And thank goodness there is comfort. The great Comfort- Jesus Christ. That our small little life here on earth in the end doesn’t belong to us, but to God. We are not left to ourselves. It is not our own strength and resourcefulness, our clever schemes and plans that gives us the edge. It is not our achievements and failures, our heights or depths that are crucial. This is a great comfort. Because, if my choices, mistakes and sin and all the stupid things I do was going to determine the direction of my life, it would be fatal. The comfort is I do not belong to myself. I am the Lords’. I am His child- Not His grown-up that is not allowed to cry or to be scared, but His child. And therefore, it is not the rivers and the fires that is crucial in my life, but His care. His involvement in my life. His continuous love. The love He shows to me when He says: I want to comfort you.

And when the people didn’t understand the comfort of God, He sent Christ. The Great Comfort. And He brings His love that forgives our sins and takes away our failures. In Jesus we see the God of Isaiah 40 and 43. knowing that He meant what He said: “Do not fear.” Because you are precious in my sight, and I want to hold you when you are weak, and the rivers are great. He knows that we are defenseless. That we get sick and can die. That we can get hurt in relationships. That life can be very different than we anticipated it to be. That we sin and make mistakes and hurt others. That we sometimes struggle to have faith. And therefore, He brings His Comfort so near that shepherds with the smell of wool on their hands can come closer, Simeon can take Him in his arms. Beggars can call to Him. A woman can wash His feet with her hair. Children can bother Him. And people in need can discover Emanuel- God with us. Between us. Around us. He talks to us and forgives us. What a comfort!

The people in Isaiah didn’t have any more prospects. Everything was lost. Their land, homes, possessions, that they have built up and put together for a lifetime is gone! They have lost their identity! They are nameless. And then you get scared. In this situation, the prophet comes and says: ‘God wants to comfort you.’ And they say: ‘But we are afraid.’ And God replies: ‘Don’t be afraid!’ And they say: ‘But we have lost our names.’ And God replies: ‘I have called you by your name!’ And they say: ‘But we lost our identity.’ And God replies: ‘You belong to Me!’

This thought that we belong to God is so powerful that Paul that he writes: whether I live or whether I die I am comforted because I am the Lord’s. It is so enormous that the Heidelberg Catechism begins with: What is your only comfort in life and in death? That I am not my own, but belong—body and soul, in life and in death— to my faithful Savior, Jesus Christ. That I am a child of God.

Someone wrote critical on this subject. He says this is an odd question (What is your only comfort?). It doesn’t fit the lifestyle of today. It’s a 16th century question to people of the 21st century. We have matured. We are not as vulnerable anymore. Please don’t tell me that you want to comfort or help me. I will take offense. We are stronger, after all. More advanced. Psychologically, we have developed. And then there is also the prosperity cults that say: But Christians are children of God. Everything is always well with children of God. You don’t need comfort, and if you do there must be something wrong with your faith. Christians are immune to pain and suffering. If you need comfort, your faith must be too small.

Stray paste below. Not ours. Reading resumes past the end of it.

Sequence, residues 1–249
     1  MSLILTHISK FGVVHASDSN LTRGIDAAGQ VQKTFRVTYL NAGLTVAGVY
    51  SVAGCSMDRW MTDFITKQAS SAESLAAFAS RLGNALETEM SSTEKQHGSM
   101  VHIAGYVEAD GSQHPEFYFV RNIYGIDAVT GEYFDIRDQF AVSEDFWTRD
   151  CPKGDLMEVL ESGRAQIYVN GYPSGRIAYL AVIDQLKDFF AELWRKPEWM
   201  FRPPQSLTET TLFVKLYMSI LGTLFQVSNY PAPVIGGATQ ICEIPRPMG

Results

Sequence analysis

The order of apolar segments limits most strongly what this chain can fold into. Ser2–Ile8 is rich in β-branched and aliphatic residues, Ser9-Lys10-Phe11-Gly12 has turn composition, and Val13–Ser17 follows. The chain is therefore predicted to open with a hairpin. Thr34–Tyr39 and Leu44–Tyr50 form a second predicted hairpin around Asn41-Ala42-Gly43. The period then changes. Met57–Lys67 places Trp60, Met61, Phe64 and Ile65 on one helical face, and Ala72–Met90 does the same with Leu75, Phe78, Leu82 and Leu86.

Isn’t it strange that God self says: I want to comfort you. And that He sends Christ as His Comfort. And Jesus says: My children. And the last book, Revelation, ends with God that says: ‘And I will wipe away every tear from your eyes.’ God thinks of us in a different way. The Bible says that in this world, we need comfort. Even God’s children are defenseless. Christians also sometimes feel powerless and the situation feels too great. Maybe we should say that God’s children, above all, are fragile. Because we are called to allow the sadness of the world to pierce our hearts and take hold of us and it does not let us go. And that makes us fragile.

The Bible says it is not a shame to need comfort. It was not a shame when He who was the greatest of all humans, He who came to bring God’s comfort, wanted comfort from His disciples in Gethsemane. We have all been at the end of our answers. We have all asked, ‘Where are you Lord?’ We all seek the light. And then we hear the words of Isaiah 40 and 43. And in the memory of epiphany we say: ‘Look! The light drove away the darkness, because God’s Comfort came.’ And then when pray together that He will come. He who does not spare us the fall, but who holds us in the depths.

There is a book written about the winds that blow over our lives. The author says there are gusts, there are soft breezes and there are storm winds. Israel felt as if a strong wind blowed, but so mightily that it would blow their faith away. In our lives, the winds also blow on the landscape of our existence. And sometimes it feels as if it wants to break me into pieces. But more important than the wind that blows, is what God does with you in the wind. He folds me in His love so I can hear the words above the sound of the wind: ‘Do not be afraid. You belong to me.’ Emmanuel— God with us.
God called us so we must also call to each other. God came to comfort us, so we should also comfort each other. This is how silence gets broken, sadness is shared, and fears are talked about, and grown-ups can cry again. We comfort, not like God, but because God did it for us. And in this way, we meet each other.